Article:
The diagnosis isn't good.

If the calculation were made as Foster's note suggests it might be, it would also mean that the cost to the federal government would rise dramatically. In his testimony, Foster says the Medicaid expansion is officially projected to cover 20 million new individuals and require about $455 billion in additional spending over the next decade, the bulk of which would be paid for by the federal government. But if the calculation goes the way Foster's footnote suggests, new enrollment could be 25 percent higher. Adding 25 percent to the cost results in an additional $113 billion in spending over the first decade—wiping out the bulk of the law's officially-assumed deficit reduction.

Obviously this is a very basic, back-of-the-envelope calculation, so that figure might end up being off. Indeed, because the population would be made up of early retirees, who are somewhat more expensive to cover, that simplified estimate is likely to be low. As Foster notes in the body of the report, "adults and children have much lower average health care costs than aged and disabled enrollees."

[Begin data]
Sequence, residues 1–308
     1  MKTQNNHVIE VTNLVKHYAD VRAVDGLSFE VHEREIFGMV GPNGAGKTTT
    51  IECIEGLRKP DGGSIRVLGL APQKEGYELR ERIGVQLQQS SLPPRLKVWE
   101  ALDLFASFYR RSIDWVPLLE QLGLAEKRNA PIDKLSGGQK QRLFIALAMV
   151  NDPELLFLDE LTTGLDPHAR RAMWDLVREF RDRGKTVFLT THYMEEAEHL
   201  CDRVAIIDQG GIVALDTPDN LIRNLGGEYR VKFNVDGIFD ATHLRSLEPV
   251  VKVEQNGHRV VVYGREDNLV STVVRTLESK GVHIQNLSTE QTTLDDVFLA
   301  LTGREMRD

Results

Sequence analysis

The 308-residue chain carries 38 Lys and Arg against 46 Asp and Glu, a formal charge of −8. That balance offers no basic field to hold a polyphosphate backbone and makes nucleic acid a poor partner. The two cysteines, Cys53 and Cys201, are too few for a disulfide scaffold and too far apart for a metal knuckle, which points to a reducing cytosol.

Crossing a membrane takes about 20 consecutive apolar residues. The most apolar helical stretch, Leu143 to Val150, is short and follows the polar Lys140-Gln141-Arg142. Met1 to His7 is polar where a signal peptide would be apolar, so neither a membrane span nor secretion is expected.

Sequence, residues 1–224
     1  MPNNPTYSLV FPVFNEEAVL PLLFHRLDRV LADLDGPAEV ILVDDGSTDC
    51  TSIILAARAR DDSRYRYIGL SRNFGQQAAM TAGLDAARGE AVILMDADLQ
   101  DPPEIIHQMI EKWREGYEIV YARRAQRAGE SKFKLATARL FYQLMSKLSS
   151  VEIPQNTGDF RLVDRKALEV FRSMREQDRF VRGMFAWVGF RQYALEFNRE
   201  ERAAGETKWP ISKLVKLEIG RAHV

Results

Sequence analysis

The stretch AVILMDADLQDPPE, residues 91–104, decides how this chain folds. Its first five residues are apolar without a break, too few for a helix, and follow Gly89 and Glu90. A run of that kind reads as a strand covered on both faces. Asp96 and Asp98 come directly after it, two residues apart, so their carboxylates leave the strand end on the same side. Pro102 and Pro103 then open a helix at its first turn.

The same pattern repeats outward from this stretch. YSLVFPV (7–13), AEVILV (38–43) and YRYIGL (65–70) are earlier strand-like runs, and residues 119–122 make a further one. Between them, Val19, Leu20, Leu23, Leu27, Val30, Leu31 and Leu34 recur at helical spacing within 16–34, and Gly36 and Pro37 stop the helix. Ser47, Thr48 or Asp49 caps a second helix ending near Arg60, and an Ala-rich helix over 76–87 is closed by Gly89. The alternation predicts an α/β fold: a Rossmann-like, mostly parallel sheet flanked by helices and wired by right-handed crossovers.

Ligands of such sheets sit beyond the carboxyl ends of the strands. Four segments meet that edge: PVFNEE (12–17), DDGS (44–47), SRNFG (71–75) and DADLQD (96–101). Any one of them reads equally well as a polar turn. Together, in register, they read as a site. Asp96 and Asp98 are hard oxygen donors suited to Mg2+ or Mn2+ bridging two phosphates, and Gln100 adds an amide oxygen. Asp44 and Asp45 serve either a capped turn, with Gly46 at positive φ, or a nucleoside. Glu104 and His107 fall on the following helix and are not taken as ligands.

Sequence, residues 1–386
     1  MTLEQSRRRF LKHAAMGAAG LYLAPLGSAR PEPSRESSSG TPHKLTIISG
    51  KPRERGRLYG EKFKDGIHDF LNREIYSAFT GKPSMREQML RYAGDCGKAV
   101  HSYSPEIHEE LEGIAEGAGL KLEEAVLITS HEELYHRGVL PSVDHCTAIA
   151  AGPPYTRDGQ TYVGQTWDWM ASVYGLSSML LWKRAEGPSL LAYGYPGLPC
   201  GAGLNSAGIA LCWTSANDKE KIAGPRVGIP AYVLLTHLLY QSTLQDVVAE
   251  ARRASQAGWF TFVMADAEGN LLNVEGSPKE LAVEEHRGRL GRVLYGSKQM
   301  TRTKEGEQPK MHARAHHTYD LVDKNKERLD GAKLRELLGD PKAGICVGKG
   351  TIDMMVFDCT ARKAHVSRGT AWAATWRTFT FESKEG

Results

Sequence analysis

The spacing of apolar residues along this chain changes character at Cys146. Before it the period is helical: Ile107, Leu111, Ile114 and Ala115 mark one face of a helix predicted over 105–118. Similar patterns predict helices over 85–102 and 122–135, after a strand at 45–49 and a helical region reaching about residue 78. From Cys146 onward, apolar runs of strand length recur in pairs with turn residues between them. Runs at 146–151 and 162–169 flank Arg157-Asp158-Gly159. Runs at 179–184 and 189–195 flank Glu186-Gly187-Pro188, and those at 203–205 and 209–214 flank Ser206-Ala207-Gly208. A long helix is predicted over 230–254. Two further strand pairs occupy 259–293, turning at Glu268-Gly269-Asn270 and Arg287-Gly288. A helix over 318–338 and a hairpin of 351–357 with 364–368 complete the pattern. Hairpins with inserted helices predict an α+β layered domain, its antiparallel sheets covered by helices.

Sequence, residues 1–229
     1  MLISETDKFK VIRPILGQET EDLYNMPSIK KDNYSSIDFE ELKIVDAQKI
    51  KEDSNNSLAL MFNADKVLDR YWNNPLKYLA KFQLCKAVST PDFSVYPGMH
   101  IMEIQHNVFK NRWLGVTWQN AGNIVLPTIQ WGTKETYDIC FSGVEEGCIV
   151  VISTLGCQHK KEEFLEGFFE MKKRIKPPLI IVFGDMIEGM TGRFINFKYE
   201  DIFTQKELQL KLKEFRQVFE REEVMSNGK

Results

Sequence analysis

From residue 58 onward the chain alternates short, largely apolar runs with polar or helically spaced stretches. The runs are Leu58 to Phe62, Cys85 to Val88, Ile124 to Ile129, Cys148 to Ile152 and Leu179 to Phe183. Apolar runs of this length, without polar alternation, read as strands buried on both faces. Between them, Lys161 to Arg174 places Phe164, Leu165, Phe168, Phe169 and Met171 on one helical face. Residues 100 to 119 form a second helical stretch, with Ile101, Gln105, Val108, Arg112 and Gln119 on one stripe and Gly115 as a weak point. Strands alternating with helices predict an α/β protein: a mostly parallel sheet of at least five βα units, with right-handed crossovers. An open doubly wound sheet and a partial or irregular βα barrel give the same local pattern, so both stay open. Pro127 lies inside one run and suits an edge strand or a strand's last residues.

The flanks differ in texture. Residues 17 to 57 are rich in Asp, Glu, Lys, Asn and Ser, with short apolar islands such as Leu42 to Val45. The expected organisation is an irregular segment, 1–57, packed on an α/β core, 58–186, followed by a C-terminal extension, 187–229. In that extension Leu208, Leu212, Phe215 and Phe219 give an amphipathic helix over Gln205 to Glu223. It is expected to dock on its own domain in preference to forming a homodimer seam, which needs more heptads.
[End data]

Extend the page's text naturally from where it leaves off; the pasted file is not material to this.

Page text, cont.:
The bigger picture, of course, is that we still don't really know how this will play out. Currently, for example, there are millions of individuals who are eligible for Medicaid or S-CHIP but not enrolled. So it's at least possible that total enrollment will be lower than expect. (That said, most experts I've contacted expect that the new law will actually bring many of the currently unenrolled out of the woodwork). But Foster's cautionary footnote should serve as yet another reminder that there are numerous reasons to believe that the PPACA might not work as planned—and that it will cost taxpayers quite a bit more as a result.

(Hat tip goes to Chris Jacobs.)

NEXT: Bollywood vs. Bin Laden

Editor's Note: We invite comments and request that they be civil and on-topic. We do not moderate or assume any responsibility for comments, which are owned by the readers who post them. Comments do not represent the views of or Reason Foundation. We reserve the right to delete any comment for any reason at any time. Report abuses.